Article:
Norwegian Air to Link London Gatwick to New York, FloridaKari Lundgren
Norwegian Air Shuttle AS will fly to three U.S. cities from Gatwick airport starting next year, expanding the discount carrier’s long-haul reach and restoring links between London’s second-biggest airport and New York.
The airline will add the routes in July, serving New York’s John F. Kennedy airport three times a week and Fort Lauderdale, Florida, and Los Angeles twice weekly, it said today at a press briefing in London. One-way fares will start at 149 pounds ($240) for New York, 199 pounds for Los Angeles and 179 pounds for Fort Lauderdale, 20 miles north of Miami.
“There’s great demand for high-quality flights at a low fare between the U.K. and the U.S., particularly to and from London Gatwick, where no other airline currently offers these routes,” Chief Executive Officer Bjoern Kjos said.
Norwegian Air is leveraging lower operating costs of Boeing Co.’s all-composite 787 Dreamliner to offer low-price trans-Atlantic trips at a profit in a bid to succeed where long-haul no-frills carriers such as Laker Airways have failed. Profitable discount long-haul operations hinge on having an established short-haul network and the 787, Kjos said, even after technical glitches ranging from brake faults to a cockpit oxygen-supply flaw marred the plane’s entry into the fleet.
“The first aircraft we got has performed marvelously,” the executive said. With “the second one, there have been a lot of small items.”
The twin-aisle Dreamliner’s fuel efficiency and low maintenance requirements make it and the Airbus SAS A350 “the only aircraft suitable” for low-cost long-distance flights, he said. Norwegian Air has configured its 787s with 291 seats.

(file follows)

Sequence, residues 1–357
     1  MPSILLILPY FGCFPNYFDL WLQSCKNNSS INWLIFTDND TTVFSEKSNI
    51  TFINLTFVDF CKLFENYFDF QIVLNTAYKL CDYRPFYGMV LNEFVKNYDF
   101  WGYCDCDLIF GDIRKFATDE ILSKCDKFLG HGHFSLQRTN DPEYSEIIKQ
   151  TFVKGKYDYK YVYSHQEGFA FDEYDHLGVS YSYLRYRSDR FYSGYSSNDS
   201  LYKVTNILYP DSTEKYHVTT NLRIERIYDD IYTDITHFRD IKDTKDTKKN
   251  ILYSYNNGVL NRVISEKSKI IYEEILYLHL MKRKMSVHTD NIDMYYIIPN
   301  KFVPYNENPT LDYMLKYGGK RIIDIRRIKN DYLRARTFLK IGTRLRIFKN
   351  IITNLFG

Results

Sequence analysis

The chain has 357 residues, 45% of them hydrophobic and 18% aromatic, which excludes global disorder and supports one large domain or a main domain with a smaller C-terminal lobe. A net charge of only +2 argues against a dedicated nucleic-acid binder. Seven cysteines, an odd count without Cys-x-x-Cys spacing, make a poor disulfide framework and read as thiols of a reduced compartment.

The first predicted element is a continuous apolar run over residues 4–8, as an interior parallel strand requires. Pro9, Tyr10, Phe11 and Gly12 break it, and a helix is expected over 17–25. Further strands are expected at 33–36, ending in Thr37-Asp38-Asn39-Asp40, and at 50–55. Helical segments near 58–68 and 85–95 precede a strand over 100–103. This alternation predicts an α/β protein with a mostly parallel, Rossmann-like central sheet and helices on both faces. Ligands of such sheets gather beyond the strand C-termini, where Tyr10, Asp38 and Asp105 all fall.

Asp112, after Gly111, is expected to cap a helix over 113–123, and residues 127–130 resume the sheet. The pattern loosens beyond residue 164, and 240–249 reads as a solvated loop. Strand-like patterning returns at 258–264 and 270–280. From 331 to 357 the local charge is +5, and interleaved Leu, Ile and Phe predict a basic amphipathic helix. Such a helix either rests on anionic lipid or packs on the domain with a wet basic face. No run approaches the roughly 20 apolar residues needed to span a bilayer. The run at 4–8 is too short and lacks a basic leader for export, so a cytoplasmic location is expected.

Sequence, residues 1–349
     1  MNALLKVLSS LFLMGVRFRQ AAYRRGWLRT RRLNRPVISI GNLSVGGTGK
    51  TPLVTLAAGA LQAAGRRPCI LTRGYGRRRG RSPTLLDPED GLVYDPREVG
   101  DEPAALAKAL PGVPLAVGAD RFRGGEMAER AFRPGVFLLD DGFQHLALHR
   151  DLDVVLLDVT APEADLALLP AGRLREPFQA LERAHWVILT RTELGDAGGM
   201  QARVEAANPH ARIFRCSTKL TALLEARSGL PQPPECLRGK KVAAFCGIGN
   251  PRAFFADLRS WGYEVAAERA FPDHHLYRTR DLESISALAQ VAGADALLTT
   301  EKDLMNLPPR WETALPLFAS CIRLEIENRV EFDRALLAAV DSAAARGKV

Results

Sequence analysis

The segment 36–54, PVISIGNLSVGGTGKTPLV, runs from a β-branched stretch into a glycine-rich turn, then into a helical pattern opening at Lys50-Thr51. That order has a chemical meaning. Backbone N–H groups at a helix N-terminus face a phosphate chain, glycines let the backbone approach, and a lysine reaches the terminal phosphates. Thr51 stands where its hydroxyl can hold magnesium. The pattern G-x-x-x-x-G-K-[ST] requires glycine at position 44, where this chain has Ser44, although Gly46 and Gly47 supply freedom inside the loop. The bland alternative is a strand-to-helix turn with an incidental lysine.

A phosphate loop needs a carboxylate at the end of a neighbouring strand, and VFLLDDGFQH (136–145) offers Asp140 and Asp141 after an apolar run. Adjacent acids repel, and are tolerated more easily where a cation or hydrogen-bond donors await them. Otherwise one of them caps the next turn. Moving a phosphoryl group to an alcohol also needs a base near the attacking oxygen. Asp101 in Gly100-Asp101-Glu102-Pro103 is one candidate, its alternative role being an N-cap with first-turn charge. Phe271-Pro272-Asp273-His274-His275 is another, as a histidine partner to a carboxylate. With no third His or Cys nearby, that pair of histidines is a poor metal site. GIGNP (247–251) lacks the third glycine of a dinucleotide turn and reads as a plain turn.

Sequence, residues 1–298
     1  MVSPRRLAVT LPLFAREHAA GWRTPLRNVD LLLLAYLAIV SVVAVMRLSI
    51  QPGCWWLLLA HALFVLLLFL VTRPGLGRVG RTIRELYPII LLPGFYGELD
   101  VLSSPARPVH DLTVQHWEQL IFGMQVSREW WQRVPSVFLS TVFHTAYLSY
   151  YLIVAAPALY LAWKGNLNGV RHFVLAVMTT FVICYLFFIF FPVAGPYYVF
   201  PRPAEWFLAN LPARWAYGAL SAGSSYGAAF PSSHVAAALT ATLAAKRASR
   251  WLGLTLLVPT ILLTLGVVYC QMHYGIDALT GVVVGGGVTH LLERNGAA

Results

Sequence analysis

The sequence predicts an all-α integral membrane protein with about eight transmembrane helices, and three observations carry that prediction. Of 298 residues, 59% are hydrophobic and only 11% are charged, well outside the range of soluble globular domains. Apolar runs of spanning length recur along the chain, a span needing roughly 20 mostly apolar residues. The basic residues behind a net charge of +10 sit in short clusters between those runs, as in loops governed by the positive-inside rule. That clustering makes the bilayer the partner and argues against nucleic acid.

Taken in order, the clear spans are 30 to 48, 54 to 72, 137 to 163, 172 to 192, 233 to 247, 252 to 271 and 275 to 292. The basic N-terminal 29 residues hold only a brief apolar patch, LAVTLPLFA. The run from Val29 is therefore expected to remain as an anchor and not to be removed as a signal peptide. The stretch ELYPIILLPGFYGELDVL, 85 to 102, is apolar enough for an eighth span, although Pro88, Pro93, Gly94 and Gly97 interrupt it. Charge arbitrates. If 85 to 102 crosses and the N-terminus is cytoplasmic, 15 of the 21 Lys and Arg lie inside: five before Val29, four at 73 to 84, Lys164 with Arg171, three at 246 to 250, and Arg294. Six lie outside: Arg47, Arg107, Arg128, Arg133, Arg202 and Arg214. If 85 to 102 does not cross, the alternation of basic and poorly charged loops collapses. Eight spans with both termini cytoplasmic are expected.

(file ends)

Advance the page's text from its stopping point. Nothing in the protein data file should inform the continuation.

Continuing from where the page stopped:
The airline, which has its headquarters in Fornebu, Norway, ordered 222 Boeing and Airbus short-haul airliners last year valued at 127 billion kroner ($21.4 billion).
It began long-haul operations in May that currently include five weekly services from Stockholm and Oslo to Bangkok and six from the two Nordic cities to New York. A third 787 will join the fleet by the end of this year, another four will enter service in 2014 and an eighth will start flying in 2015.
The new long-distance routes out of Gatwick will expand Norwegian Air’s operations from the current 320 flights a week on 25 routes, Kjos said.
By the 2014 summer schedule, the carrier fly 375 weekly connections to 33 destinations from Gatwick. That will include the route to New York, a link the U.K. airport lost after the 2007 Open Skies agreement widening flight access between the U.S. and European Union enabled carriers to switch the services to London Heathrow, the trade bloc’s busiest airport.
“We do have a very strong heritage of people flying to and from Gatwick for many years trans-Atlantic,” Gatwick Chief Executive Officer Stewart Wingate said in an interview. Before 2007, almost 4.1 million passengers flew from the terminal to U.S. destinations, also including Philadelphia and Detroit, compared with 1.32 million today, he said. Current U.S. routes from Gatwick are Orlando and Tampa in Florida, and Las Vegas.
Norwegian Air may open a crew base at Gatwick eventually, Kjos said, adding that the airline has started recruiting flight attendants in New York, with a goal of hiring about 150 people. Other crew bases include Florida with 70 to 100 employees and Bangkok with about 200, he said.
The airline is also applying for a permanent Irish air operator’s certificate as it seeks to establish a low-cost base for its long-haul division. A decision on the application is expected in December or January and may include having a small team of employees based in Ireland, Kjos said.
“It’s only a matter of traffic rights,” the executive said. Basing planes in Ireland, a European Union country, opens up a range of destinations that would otherwise be off limits due to a lack of bilateral agreements with non-EU member Norway, he said. “We need time to get access to the different places we want to fly to.”
Within Europe, Norwegian Air is expanding its short-haul network by adding routes from Gatwick to the Mediterranean islands of Corfu, Cyprus, Santorini and Sicily, and to the Hungarian capital Budapest, while boosting the number of flights on nine existing routes.